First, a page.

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Water buffalo gelato

July/August 2015 California Bountiful magazine

What's the scoop?



Nick's Cove Restaurant and Oyster Bar in Tomales Bay offers pecan torte and other desserts topped with water buffalo gelato from nearby Double 8 Dairy.

"Super yummy." That's how Kirby Franklin described the locally made gelato that topped her dessert at Nick's Cove Restaurant and Oyster Bar. The gelato gets attention—and favorable responses—not only for its flavor, but for its origins: It's handcrafted from water buffalo milk.

"Everybody loves it," said Austin Perkins, executive chef at the Tomales Bay destination, describing the gelato's depth of flavor. "We've had a few people ask if they can go see the animals themselves. Telling the story is interesting; nobody has seen a water buffalo herd and they are such beautiful animals."

These bovine beauties live just 12 miles inland, at Double 8 Dairy in West Petaluma. At a glance, water buffalo look like black cows, but there are subtle differences, such as their distinctly shaped horns and more robust build. The adult buffalo meander across a field, while the youngsters are more curious, asking for attention. They're docile creatures, acting as if they'd lived on this ranch forever. But in fact, they are relative newcomers to the area.

Double 8 Dairy owner Andrew Zlot, left, with herd manager Melisa Schulze, employee Sam Fishman and partner Curtis Fjelstul, raise water buffalo in Sonoma County and handcraft buffalo milk gelato sold in stores and served in restaurants throughout the Bay Area.

Coming home

The story actually begins with dairy owner Andrew Zlot, who in 2012 left an international career in hedge fund management to don rubber boots and coveralls. He'd grown up in Marin County and after years of working and living abroad, was ready to come back to start his own business.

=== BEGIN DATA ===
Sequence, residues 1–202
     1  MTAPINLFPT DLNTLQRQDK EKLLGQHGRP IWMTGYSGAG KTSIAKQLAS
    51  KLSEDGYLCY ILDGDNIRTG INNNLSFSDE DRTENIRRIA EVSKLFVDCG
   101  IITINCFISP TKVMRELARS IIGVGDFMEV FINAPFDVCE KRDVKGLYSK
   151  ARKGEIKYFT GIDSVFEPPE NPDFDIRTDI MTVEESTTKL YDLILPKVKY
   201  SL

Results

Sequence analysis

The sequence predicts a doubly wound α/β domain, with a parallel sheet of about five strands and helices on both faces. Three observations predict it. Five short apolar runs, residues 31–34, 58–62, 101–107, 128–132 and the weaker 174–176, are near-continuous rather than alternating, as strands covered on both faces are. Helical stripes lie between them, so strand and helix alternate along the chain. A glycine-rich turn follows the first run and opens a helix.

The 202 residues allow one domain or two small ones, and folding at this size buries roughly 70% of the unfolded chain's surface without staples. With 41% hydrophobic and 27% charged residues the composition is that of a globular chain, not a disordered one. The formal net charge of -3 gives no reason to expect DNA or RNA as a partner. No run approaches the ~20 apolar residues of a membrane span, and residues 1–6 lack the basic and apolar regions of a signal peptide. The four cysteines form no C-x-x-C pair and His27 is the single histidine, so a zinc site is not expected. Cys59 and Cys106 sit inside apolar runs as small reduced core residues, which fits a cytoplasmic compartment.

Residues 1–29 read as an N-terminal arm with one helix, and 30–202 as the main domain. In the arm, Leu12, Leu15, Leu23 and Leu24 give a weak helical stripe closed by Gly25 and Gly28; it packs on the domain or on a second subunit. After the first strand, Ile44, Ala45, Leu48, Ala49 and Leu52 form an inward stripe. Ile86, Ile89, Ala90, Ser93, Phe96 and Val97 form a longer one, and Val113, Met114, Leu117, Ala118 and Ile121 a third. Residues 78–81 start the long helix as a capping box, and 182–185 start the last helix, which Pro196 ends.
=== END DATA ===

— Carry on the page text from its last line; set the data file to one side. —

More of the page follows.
He narrowed down viable business options and settled on farmstead cheese as an up-and-coming opportunity.

"I looked at what kind of cheese I would want to make," Zlot said, "something that nobody else is making, but everybody loves to buy already." He settled on buffalo mozzarella, cheese made from domestic Italian water buffalo, as it was gaining attention in chef and foodie circles.

Water buffalo milk is 10 percent butterfat compared to a Holstein cow's 2.5 to 3.5 percent, Zlot said, and higher butterfat makes for creamy products. Producing just 11/2 gallons per day, water buffalo give significantly less milk than traditional dairy cows, where some breeds yield as much as 9 gallons of milk per day.

"That's four times the fat," he explained, "but 25 percent the yield."

Zlot started small, acquiring 12 Italian water buffaloes from a breeder in Texas. Female adults of this type of buffalo weigh about 1,300 to 1,400 pounds, while bulls can tip the scales at closer to a ton, he explained.

He also brought in partner Curtis Fjelstul, who had worked in ice cream production and on a dairy for 30 years.

"You can't invent a better background," Zlot said. "He and I started working the dairy, training these animals to be milked. That was quite a feat."

Due to the first barn's limited space, it took a long time to milk—three hours twice a day for just 12 animals.

"Mind you, we had still not made a successful ball of buffalo mozzarella six months in," Zlot added.

Water buffalo may look like regular cattle from afar, but a closer look shows distinctly shaped horns and a more robust build.

New digs, new direction

With his master's degree in economics and asset-management background, Zlot crunched the numbers and realized expansion was key to business success.

In fall 2012, he signed a lease on a former 180-acre dairy in neighboring Sonoma County. The barn's herringbone configuration allows for two sets of eight cows to be milked simultaneously—and the name Double 8 Dairy was born as the operation relocated to its new property.